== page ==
Paper No. 10
Presentation Time: 1:30 PM-5:30 PM
SOOT AND POLLEN FROM MANSON IMPACT-RELATED STRATA (UPPER CRETACEOUS) OF IOWA AND SOUTH DAKOTA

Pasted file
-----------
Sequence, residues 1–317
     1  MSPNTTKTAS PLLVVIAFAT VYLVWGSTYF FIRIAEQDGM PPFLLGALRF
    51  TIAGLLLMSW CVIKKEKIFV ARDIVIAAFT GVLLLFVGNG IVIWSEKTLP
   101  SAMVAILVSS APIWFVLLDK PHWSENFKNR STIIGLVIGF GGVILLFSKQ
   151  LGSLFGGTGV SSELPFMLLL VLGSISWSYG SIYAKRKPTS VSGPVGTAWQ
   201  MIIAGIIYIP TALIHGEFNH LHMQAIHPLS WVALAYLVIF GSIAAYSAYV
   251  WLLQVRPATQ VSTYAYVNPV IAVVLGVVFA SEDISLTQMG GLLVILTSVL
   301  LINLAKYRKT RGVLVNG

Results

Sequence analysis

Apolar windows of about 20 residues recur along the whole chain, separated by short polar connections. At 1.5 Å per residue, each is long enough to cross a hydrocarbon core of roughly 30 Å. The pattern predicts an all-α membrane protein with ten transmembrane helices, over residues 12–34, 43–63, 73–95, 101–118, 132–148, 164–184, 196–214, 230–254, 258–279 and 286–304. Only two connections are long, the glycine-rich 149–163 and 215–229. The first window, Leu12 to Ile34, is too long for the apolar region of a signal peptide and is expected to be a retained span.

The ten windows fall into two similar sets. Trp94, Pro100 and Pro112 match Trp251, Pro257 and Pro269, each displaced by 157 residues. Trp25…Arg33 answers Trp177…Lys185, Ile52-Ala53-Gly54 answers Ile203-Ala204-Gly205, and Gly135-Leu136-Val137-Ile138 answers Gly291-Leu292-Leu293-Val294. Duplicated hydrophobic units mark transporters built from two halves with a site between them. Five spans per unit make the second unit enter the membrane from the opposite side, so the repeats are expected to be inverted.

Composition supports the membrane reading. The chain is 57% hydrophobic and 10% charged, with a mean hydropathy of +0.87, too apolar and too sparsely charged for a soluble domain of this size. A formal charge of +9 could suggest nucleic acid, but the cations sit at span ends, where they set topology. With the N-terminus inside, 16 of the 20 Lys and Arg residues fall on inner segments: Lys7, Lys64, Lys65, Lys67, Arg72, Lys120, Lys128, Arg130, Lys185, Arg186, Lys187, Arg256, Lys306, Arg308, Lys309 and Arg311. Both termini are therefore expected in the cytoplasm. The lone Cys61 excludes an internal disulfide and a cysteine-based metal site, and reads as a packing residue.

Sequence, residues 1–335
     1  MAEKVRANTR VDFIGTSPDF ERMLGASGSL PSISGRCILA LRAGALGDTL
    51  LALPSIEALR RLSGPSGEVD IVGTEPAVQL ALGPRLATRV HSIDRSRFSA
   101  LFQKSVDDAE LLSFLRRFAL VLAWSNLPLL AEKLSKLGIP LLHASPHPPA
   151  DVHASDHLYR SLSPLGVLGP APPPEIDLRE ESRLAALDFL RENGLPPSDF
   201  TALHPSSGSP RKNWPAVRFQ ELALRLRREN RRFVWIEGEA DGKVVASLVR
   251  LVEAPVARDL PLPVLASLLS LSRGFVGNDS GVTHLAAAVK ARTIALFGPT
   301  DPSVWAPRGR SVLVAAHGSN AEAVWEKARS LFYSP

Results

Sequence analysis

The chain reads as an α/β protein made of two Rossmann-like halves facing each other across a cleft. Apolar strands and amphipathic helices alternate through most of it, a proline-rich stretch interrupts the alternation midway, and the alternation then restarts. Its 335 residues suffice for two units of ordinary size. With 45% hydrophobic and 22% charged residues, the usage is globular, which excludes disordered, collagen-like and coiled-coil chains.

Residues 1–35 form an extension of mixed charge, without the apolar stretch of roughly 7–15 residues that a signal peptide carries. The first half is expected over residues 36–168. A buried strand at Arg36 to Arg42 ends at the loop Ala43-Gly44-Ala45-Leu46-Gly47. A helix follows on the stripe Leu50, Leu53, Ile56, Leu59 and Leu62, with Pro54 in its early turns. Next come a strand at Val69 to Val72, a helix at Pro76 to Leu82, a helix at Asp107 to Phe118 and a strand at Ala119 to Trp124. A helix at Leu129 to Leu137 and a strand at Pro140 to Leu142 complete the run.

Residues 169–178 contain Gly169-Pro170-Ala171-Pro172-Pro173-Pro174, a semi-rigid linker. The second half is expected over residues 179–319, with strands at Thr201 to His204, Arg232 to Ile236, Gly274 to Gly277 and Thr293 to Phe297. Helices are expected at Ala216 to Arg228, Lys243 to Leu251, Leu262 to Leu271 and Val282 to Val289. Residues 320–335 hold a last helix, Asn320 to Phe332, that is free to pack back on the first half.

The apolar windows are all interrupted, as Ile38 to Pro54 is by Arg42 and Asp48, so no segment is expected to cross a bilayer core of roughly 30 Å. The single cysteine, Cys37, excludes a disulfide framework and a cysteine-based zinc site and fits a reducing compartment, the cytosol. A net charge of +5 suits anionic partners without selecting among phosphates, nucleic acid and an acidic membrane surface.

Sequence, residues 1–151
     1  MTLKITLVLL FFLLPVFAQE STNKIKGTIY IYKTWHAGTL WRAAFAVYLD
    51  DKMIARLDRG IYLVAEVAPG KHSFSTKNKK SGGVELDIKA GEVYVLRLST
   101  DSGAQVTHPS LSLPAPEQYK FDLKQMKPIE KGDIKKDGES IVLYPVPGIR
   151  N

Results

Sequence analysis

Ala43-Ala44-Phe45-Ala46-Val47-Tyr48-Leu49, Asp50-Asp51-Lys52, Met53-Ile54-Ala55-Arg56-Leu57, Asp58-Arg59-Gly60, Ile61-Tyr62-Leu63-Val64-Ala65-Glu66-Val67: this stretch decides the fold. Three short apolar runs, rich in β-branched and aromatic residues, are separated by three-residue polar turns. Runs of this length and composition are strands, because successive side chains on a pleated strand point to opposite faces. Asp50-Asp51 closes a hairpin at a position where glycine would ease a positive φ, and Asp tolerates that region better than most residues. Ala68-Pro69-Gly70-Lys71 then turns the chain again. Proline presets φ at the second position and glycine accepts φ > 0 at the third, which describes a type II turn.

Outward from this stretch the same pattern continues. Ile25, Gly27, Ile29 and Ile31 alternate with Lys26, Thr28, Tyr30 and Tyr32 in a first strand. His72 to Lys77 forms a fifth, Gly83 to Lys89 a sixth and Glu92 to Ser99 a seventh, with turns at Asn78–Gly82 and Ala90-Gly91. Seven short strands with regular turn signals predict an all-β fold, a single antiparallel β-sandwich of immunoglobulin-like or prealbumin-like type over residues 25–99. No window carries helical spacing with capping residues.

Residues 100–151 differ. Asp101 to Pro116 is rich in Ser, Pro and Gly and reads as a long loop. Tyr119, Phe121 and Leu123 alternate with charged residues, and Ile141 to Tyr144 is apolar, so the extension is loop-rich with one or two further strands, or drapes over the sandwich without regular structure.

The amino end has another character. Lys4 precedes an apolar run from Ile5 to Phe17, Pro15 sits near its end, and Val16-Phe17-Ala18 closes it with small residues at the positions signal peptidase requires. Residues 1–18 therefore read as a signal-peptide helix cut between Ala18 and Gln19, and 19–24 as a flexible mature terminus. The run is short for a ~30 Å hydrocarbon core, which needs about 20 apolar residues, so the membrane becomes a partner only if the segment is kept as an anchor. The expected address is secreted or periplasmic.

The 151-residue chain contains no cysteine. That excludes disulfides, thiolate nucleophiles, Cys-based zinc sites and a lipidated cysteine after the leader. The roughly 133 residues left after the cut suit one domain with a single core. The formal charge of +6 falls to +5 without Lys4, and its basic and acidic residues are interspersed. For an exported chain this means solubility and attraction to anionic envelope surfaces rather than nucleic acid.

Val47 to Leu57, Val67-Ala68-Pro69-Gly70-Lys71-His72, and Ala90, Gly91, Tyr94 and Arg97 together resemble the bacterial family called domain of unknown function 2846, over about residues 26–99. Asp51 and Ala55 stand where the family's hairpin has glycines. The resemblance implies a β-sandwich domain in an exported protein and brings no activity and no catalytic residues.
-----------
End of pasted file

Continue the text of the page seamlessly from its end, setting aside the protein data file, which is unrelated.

The Campanian Manson impact structure of Iowa (USA) represents the best-preserved, large-diameter complex crater yet discovered within the continental U.S. To assess the timing and potential mode of crater infilling and to establish the presence of an impact event horizon, we analyzed samples from both the MIS and more distal locations from South Dakota for their elemental carbon, soot and pollen content. No significant remains occurred in the lowest portion of crater fill, the impact melt breccia. The next horizons of suevite, the Keweenawan Shale clast breccia (KSCB), yielded sparse and thermally altered pollen indicating deposition prior to full cooling of the crater debris. Identifiable soot was present only in the upper portions of the crater-fill suevite, the Phanerozoic clast breccia (PCB) and PCB-KSCB mixtures. The highest soot concentration occurred in a reworked clast of Cretaceous marine shale from the PCB. This and the absence of soot from any portions of the fill lacking Cretaceous clasts, suggests that the soot in part represents reworked material. Although its origin remains ambiguous, presence of easily degraded soot argues for rapid backfilling of the crater. South Dakota samples represent the Crow Creek and Sharon Springs members of the Pierre Shale 230 km northwest of MIS. Although containing shocked grains, the Crow Creek preserves no soot. In contrast, the Sharon Springs, generally considered as predating the Manson impact, has significant soot quantities. Palynomorphs differ markedly across the unconformity separating the two members. In comparison to Sharon Springs, the Crow Creek samples contain higher amounts of terrestrial forms, moss and fern spores, Normapolles pollen, and older (Devonian-Cretaceous) reworked palynomoprhs. The abundance, taxonomic make-up, and recycled palynomorphs are consistent with a terrestrial impact to the east. Origin of the Sharon Springs soot remains unclear. The relatively shallow, anoxic bottom conditions of the Cretaceous Interior Seaway may have favored soot preservation. Alternatively, deposition of Sharon Springs in the sample area (Yankton) may be younger and contemporary with the impact. Until a better understanding of the broader occurrence and preservation of soot is achieved, some soot-impact associations will remain ambiguous.